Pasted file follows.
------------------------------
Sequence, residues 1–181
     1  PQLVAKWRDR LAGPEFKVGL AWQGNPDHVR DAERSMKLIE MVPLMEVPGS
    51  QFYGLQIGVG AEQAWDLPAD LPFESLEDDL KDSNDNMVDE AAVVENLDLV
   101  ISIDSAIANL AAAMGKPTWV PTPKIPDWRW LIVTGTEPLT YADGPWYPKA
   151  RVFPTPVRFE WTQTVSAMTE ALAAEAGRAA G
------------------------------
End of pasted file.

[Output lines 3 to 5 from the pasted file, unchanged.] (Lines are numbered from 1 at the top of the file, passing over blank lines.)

    51  QFYGLQIGVG AEQAWDLPAD LPFESLEDDL KDSNDNMVDE AAVVENLDLV
   101  ISIDSAIANL AAAMGKPTWV PTPKIPDWRW LIVTGTEPLT YADGPWYPKA
   151  RVFPTPVRFE WTQTVSAMTE ALAAEAGRAA G